Forthcoming changes to the transport of dangerous goods regulations — Part 1

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In this article Caroline Raine discusses the forthcoming changes to the transport of dangerous goods regulations. The main changes to ADR, IMDG and IATA are covered but please remember to read the regulations in full rather than relying on this update. This article concentrates on the changes across the modes, Caroline will discuss the mode specific changes in Part 2 of this article.

Introduction

There are five modes for the transport of dangerous goods, ADR covers road transport, IMDG for sea, IATA defines the requirements for air transport, RID for rail and ADN for inland waterways. The three most commonly used modes of transport are road, sea and air. Both ADR and IMDG are updated in a two-year cycle while IATA is updated and published annually.

Common changes throughout the modes

Throughout the transport modes the word “risk” has been changed to “hazard”, eg “subsidiary risk” is now “subsidiary hazard”. This change has been made to reflect the correct usage of the term “risk” to align to the meaning of risk in accordance with Safety Management Systems (SMS) where safety risk is defined as: “the predicted probability and severity of the consequences or outcomes of a hazard”.

Class 8 changes

Significant changes to the provisions for the classification of corrosive substances and in particular the methods to assign packing groups to mixtures. These changes reflect the work of the UN Subcommittee with the GHS Subcommittee to better align the classification provisions for transport for Class 8 substances with those for supply and use.

Step-wise assignment method for classifying corrosive mixtures:

  • flow chart

  • bridging principles

  • formula (PGx1/GCL) + (PGx2/SCL2) + (…) + PGxί/SCLί) ≥ 1.

Where:

PGxι = concentration of substance 1, 2 … ι in the mixture, assigned to packing group x (I, II or III)

GCL = generic concentration limit

SCLι = specific concentration limit assigned to substance ι.

The criterion for a packing group is fulfilled when the result of the calculation is ≥ 1. The generic concentration limits to be used for the evaluation in each step of the calculation method are those found in the picture.

New UN numbers

There are 12 new UN numbers, UN 3537 to UN 3548, that have been assigned to articles containing dangerous goods in Classes 2, 3, 4, 5, 8 and 9 and Division 6.1. There is also the addition of a new entry, UN 3536, lithium batteries installed in cargo transport unit (CTU). This entry is to address multimodal containers with installed lithium ion batteries, battery management systems and other electronics that function as a large fixed-base battery. Finally an addition of a new entry, UN 3535, toxic solid, flammable, inorganic, nos.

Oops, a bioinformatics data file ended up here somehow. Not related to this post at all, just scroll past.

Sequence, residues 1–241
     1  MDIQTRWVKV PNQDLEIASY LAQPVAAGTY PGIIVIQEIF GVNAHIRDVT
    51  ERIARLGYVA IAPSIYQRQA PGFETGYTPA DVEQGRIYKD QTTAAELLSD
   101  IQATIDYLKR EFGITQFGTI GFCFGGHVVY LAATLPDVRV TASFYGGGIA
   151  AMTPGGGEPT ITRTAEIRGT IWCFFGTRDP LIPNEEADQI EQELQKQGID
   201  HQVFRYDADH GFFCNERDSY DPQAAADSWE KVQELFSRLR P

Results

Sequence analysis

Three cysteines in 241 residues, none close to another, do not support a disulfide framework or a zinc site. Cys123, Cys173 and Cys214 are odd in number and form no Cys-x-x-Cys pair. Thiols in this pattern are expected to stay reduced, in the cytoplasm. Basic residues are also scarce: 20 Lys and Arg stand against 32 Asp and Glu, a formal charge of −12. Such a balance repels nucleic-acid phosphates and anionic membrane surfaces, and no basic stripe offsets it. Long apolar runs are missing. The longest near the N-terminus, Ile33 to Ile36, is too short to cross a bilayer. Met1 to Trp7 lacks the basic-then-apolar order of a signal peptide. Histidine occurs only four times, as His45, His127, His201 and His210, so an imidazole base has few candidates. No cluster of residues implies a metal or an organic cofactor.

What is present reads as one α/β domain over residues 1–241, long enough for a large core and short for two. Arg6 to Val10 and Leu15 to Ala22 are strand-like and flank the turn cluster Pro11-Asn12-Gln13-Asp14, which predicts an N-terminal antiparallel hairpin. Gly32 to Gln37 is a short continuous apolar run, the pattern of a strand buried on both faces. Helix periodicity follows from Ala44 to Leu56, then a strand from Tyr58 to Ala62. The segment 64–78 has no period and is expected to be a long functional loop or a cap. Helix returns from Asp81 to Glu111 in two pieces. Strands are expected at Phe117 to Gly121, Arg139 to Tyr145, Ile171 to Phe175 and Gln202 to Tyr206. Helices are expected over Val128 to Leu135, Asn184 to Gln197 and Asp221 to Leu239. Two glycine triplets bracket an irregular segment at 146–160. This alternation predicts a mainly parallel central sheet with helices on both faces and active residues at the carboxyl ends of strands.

List of new UN numbers

  • 3535 toxic solid, flammable, inorganic, nos

  • 3535 toxic solid, flammable, inorganic, nos

  • 3536 lithium batteries installed in CTU lithium ion batteries or lithium metal batteries

  • 3537 articles containing flammable gas, nos

  • 3538 articles containing non-flammable, non-toxic gas, nos

  • 3539 articles containing toxic gas, nos

  • 3540 articles containing flammable liquid, nos

  • 3541 articles containing flammable solid, nos

  • 3542 articles containing a substance liable to spontaneous combustion, nos

  • 3543 articles containing a substance which in contact with water emits flammable gases, nos

  • 3544 articles containing oxidising substance, nos

  • 3545 articles containing organic peroxide, nos

  • 3456 articles containing toxic substance, nos

  • 3547 articles containing corrosive substance, nos

  • 3548 articles containing miscellaneous dangerous goods, nos.

Reminder — the lithium battery handling mark

For batteries being transported under SP 188 lithium battery mark must be used. See Figure 1 below.

Figure 1: Lithium battery mark

* Place for UN number(s), ie UN 3090, UN 3091, UN 3480 and/or UN 3481, as applicable. The UN number(s) indicated on the mark should be at least 12mm high.

** Place for telephone number.

Figure 2: Old lithium battery mark

Note:

The lithium battery handling label in Figure 2 — may continue to be used until 31 December 2018 only.

For lithium batteries UN 3090, UN 3091, UN 3480 and UN 3481 not meeting the provisions of SP 188 the following new label, Model No. 9A is required. See Figure 3 below.

Figure 3: Label 9A

Packages bearing the Class 9 label (Model No. 9) may still be used until 31 December 2018 (ADR 1.6.1.41).

Label No. 9A will not be used for the purpose for the placarding of CTUs.

For air transport the labels used will depend on the classification of the lithium battery — and so those transporting lithium batteries should refer to the relevant packing instruction for the labelling elements. The labels and marks used in IATA are shown below in Figure 4.

Figure 4: Lithium battery marks and labels — IATA

Conclusions

There are many changes to the modes for the transport of dangerous goods. Some of these are significant while many are editorial.

If you are shipping batteries pay particular attention to the fact that the lithium battery handling mark is no longer applicable and must have been changed.

This is a summary of the changes and the regulations must be referred to in full before any shipment is made. Please do contact your company’s DGSA if you require further advice.

Last reviewed 29 November 2018